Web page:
Alibaba, the Chinese e-commerce giant, is pulling out all the stops at its first-ever public event in the U.S., Gateway ’17, today and tomorrow (6/21-22, 17). The Detroit conference is described by Alibaba as a means to help small businesses tap into China’s growing middle-class. “The Chinese market presents tremendous opportunities for U.S. small businesses and farmers to grow their businesses, and in turn, create more U.S. jobs,” Alibaba’s founder Jack Ma wrote in an open letter announcing the event.
In past years, Alibaba’s focus in the U.S. has been on large brands like Costco and Gerber. While small businesses have played a key role in Alibaba’s success in China, the event in Detroit and other initiatives by Alibaba, mark a new U.S. target for the company: businesses with products that don’t have world-renowned brand names but do have niche loyal followings.
“At Alibaba, we want to help (American small businesses) take advantage of the appetite (Chinese customers have) for consumption through our e-commerce marketplaces,” Ma said in the Gateway 17 announcement. Ma previously said that he hopes that the percentage of Alibaba’s business outside of China will increase from 2 percent to roughly 40 percent.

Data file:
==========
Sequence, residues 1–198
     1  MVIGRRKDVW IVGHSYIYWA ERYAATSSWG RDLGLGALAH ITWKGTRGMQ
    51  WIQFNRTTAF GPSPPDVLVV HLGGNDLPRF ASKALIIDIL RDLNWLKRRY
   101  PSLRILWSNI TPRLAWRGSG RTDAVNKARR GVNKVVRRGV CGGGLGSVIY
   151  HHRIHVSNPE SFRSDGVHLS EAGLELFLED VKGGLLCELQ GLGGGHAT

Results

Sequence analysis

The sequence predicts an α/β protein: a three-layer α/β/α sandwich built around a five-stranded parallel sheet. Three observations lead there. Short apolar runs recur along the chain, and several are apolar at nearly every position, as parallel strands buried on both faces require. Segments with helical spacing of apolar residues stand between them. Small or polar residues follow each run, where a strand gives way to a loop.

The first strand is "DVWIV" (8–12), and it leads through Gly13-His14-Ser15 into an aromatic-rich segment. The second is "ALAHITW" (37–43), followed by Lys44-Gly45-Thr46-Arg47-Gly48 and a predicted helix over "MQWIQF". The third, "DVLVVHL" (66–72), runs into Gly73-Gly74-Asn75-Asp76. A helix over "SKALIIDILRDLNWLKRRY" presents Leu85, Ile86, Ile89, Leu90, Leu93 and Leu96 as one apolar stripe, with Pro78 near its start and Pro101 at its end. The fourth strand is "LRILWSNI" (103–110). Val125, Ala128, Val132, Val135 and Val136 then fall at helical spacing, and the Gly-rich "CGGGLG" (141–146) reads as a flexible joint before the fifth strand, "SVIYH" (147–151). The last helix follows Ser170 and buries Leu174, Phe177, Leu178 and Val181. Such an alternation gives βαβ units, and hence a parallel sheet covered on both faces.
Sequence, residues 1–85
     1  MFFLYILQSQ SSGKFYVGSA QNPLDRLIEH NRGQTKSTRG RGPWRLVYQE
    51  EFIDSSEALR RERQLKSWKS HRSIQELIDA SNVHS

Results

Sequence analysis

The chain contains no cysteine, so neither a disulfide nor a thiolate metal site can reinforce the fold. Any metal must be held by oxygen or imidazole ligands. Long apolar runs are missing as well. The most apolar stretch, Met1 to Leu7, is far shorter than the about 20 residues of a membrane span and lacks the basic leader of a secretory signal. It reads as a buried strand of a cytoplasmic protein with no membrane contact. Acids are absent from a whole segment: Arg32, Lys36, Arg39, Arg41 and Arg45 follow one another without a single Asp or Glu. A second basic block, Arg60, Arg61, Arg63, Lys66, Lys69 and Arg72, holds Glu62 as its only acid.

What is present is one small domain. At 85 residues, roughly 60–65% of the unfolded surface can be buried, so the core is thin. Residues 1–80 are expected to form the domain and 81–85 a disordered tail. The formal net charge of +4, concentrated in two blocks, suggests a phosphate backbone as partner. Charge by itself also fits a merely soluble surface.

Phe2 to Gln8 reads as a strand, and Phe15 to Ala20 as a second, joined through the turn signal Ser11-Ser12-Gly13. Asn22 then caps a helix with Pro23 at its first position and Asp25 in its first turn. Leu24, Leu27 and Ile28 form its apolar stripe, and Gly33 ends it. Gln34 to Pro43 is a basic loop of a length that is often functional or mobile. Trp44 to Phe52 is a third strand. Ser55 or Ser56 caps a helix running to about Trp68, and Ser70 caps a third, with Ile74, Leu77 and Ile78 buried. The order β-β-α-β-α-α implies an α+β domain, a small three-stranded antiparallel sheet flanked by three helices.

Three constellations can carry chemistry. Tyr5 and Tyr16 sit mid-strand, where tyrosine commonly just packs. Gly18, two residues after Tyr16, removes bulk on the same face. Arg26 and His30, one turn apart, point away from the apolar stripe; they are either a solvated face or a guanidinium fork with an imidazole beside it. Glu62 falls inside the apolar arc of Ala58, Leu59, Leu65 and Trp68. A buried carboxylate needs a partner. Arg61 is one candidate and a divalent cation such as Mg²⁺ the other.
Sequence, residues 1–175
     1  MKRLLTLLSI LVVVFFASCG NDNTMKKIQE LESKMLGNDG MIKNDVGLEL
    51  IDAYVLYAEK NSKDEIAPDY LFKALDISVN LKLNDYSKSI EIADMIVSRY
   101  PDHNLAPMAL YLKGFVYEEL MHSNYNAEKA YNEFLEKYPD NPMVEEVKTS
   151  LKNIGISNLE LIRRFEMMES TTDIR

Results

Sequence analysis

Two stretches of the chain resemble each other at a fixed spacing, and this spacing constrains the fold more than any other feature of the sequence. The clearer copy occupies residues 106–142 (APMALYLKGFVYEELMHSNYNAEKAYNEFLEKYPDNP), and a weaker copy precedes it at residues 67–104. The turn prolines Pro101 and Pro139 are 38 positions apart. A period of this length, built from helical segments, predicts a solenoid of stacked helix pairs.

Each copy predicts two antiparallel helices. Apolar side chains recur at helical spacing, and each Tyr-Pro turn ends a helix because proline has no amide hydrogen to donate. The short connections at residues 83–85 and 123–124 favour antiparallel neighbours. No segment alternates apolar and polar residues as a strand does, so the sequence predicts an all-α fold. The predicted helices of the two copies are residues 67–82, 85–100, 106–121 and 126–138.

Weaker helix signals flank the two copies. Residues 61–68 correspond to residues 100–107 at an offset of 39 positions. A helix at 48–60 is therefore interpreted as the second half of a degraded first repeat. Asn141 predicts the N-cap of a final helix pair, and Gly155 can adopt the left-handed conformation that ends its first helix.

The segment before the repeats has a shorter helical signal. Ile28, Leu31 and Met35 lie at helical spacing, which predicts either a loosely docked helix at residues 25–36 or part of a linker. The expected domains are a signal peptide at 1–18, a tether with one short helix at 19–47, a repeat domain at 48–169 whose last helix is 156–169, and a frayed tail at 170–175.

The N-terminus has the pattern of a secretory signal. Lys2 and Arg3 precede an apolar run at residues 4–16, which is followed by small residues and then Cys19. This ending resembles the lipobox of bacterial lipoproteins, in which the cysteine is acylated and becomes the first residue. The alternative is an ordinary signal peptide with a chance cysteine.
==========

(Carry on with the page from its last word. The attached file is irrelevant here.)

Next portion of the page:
The Detroit Chinese Business Association (DCBA), which fosters trade relations between Chinese and American businesses, has been helping to promote and market the conference with its members and other companies looking to do business in China.
“Alibaba as a platform is perfect for job creation in the U.S.,” said Brian Gao, president of the DCBA. “Small businesses have no way of competing with big corporations overseas because the cost of entry can be so high, but Alibaba essentially breaks down that barrier by providing a platform for those businesses and helping standardize those transactions,” he said.